Regulatory agencies in the EU and Britain on Thursday confirmed AstraZeneca’s COVID-19 vaccine is safe and effective.
This comes after reports of rare brain blood clots linked to AstraZeneca’s vaccine prompted more than a dozen countries to suspend inoculations.
Now - many are reversing that decision.
The European Medicines Agency issued its conclusion, Thursday, after an investigation into the claims.
Sabine Straus leads the agency’s Risk Assessment Committee, known as PRAC.
CHAIRWOMAN OF THE EUROPEAN MEDICINES AGENCY'S PHARMACOVIGILANCE RISK ASSESSMENT COMMITTEE (PRAC), SABINE STRAUS: "This vaccine is safe and effective in preventing COVID-19 and its benefits continue to be far greater than its risks. PRAC has found no evidence of a quality or a batch issue.”
The agency noted there were still some uncertainties regarding blood clots.
But - after reviewing 20 million people who were given the shot - it said the AstraZeneca vaccine does not increase the overall risk of clots.
"Moreover, because the vaccine is effective in preventing COVID-19 disease, which in itself is a cause of blood clots, it likely reduces the risk of thrombotic events over all.”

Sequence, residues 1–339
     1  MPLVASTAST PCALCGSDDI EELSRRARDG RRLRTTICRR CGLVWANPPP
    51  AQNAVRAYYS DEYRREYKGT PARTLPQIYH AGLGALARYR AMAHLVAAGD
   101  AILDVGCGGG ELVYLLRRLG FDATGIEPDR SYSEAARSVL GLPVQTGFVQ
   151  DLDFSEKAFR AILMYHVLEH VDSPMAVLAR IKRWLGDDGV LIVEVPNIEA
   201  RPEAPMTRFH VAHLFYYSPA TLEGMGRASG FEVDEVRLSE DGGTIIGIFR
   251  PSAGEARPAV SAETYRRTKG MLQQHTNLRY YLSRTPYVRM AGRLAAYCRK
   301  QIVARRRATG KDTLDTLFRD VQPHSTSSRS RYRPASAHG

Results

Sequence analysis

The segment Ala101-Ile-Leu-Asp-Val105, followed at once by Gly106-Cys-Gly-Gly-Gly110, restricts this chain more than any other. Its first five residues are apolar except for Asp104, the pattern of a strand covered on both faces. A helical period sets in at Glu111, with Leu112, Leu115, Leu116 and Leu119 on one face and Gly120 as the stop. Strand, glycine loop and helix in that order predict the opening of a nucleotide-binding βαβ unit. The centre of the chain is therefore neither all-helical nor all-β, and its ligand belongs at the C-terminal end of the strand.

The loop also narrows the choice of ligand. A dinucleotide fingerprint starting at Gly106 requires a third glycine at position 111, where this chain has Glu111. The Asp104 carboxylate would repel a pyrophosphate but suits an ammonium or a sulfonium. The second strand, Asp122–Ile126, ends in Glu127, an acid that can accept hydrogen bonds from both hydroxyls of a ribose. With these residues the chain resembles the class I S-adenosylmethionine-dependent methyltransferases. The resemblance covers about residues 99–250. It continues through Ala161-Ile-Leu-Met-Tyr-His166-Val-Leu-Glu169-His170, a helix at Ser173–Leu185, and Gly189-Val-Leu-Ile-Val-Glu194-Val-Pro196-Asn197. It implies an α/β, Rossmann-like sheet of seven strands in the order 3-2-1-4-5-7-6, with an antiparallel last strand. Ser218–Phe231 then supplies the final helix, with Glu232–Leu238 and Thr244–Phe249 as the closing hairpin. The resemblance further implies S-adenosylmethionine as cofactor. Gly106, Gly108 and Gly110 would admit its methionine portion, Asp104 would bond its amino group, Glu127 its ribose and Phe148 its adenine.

British Prime Minister Boris Johnson said he would get the AstraZeneca shot on Friday:
"The Oxford jab is safe and the Pfizer jab is safe. The thing that isn't safe is catching COVID which is why it's so important that we all get our jabs as soon as our turn comes. And as it happens, I'm getting mine tomorrow..."
Germany, Italy, France and Spain - along with a host of other European countries - said they will resume the use of AstraZeneca's coronavirus vaccine.
Others counties, like Sweden, have said they need more time to make a decision on the matter.